Issue Date: March 4, 2013
Pointers And Warnings About USAJobs
Regarding “Defense Research: Recruitment, management overhaul needed to prevent scientist shortage” (C&EN, Nov. 5, 2012, page 11), I’m happy to see federal employment highlighted as an option for ACS members. I feel compelled, however, to share my experiences so others are more informed about the hiring process for federal employment.
First, many positions posted on USAJobs, the federal government’s official job list, are geared toward either a specific person already working for the recruiting agency or a contractor working for that agency. Despite rules requiring a competitive hiring process, the position descriptions are written to fit specific candidates. This practice excludes ~98% of candidates from consideration, although exceptions are made for “status candidates,” such as veterans, laid-off federal employees, military spouses, or disabled persons.
To be a real contender for any scientific position, you must have a large body of previous experience, and you must write your résumé so that it matches your experience to the description verbatim. For recent graduates, this means it is next to impossible to get hired without a “recent grads” opening or exceptional luck.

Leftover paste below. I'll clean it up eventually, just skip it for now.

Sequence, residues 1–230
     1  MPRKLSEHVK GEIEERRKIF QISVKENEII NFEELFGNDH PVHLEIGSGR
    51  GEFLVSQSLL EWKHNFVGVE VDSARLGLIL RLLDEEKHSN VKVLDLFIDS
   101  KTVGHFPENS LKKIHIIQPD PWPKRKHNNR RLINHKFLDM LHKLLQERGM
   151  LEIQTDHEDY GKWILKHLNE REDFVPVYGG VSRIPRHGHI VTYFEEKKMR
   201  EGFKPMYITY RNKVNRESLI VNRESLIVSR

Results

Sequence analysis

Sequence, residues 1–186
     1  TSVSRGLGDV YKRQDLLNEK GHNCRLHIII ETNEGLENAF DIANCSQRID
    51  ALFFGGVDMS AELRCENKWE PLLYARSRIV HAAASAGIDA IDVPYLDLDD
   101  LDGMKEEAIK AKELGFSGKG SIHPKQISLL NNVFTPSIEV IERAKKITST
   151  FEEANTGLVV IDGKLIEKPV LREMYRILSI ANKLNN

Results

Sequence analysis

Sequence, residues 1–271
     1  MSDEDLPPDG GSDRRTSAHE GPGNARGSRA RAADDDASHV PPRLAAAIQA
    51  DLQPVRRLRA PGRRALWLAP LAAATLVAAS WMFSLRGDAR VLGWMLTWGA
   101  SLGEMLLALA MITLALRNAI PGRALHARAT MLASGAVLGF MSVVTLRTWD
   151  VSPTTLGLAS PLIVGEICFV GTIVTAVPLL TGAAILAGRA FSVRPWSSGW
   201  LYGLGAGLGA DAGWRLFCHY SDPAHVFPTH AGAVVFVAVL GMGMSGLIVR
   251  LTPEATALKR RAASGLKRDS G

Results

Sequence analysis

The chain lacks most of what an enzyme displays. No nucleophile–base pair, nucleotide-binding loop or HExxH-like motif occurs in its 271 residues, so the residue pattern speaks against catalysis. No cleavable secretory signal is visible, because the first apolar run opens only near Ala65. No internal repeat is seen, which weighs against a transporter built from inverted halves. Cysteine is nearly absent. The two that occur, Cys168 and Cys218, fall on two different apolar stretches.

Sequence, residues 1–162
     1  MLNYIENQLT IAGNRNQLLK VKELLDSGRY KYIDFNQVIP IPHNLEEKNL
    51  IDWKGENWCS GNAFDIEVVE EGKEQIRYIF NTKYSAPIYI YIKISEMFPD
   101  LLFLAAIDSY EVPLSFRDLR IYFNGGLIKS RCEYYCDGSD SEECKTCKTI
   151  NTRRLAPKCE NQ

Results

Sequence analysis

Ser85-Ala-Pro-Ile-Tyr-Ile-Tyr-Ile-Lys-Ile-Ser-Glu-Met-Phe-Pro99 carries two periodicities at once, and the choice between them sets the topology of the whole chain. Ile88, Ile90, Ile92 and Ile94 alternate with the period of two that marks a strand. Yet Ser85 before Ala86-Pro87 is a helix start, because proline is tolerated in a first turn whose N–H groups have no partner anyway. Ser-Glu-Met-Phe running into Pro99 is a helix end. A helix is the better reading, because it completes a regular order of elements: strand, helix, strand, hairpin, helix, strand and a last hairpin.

Next, pay close attention to the announcement details: “series and grade” and “promotion potential.” In the federal system, Ph.D. graduates fall in the GS-11 to -13 series; master’s, GS-7 to -11, and bachelor’s, GS-5 to -9. To move past your maximum promotion potential, your supervisor and the human resources department must post a new job opening on USAJobs and go through the “competitive hiring process.” Some supervisors see no incentive to do this, and they are not required to do so.
Additionally, unless you can clearly and conclusively show that your experience matches the position, don’t waste your time applying for jobs above GS-11 if you’re not already working in the federal government. Positions posted at GS-12 to -15 require “a year of experience at the next lower grade level.” Typically, there is no substitute for this federal experience. Applicants should read that as, “This is someone’s promotion.”
As for the 37.6% of the Department of Defense’s scientific labor force being eligible for retirement, they’re likely the last vestiges of people covered by the Civil Service Retirement System (CSRS). Under CSRS, employees try to work for 43 years to reach their maximum pension. CSRS was phased out in 1986; those who were hired then are likely to stick around for another 16 years so they can collect the nearly 90% salary annuity given under CSRS.
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